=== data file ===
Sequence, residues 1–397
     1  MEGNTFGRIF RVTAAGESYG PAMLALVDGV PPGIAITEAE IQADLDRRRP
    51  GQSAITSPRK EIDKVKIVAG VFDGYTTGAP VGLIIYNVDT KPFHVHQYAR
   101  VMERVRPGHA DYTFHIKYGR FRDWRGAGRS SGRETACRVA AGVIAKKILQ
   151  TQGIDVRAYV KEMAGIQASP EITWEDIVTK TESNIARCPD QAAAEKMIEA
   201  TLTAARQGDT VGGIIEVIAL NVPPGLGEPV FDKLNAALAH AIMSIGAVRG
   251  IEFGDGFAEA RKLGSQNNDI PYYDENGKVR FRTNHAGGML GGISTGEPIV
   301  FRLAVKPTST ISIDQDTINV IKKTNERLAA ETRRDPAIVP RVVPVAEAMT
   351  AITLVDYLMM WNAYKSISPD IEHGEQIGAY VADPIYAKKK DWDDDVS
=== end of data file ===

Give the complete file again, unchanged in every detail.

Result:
Sequence, residues 1–397
     1  MEGNTFGRIF RVTAAGESYG PAMLALVDGV PPGIAITEAE IQADLDRRRP
    51  GQSAITSPRK EIDKVKIVAG VFDGYTTGAP VGLIIYNVDT KPFHVHQYAR
   101  VMERVRPGHA DYTFHIKYGR FRDWRGAGRS SGRETACRVA AGVIAKKILQ
   151  TQGIDVRAYV KEMAGIQASP EITWEDIVTK TESNIARCPD QAAAEKMIEA
   201  TLTAARQGDT VGGIIEVIAL NVPPGLGEPV FDKLNAALAH AIMSIGAVRG
   251  IEFGDGFAEA RKLGSQNNDI PYYDENGKVR FRTNHAGGML GGISTGEPIV
   301  FRLAVKPTST ISIDQDTINV IKKTNERLAA ETRRDPAIVP RVVPVAEAMT
   351  AITLVDYLMM WNAYKSISPD IEHGEQIGAY VADPIYAKKK DWDDDVS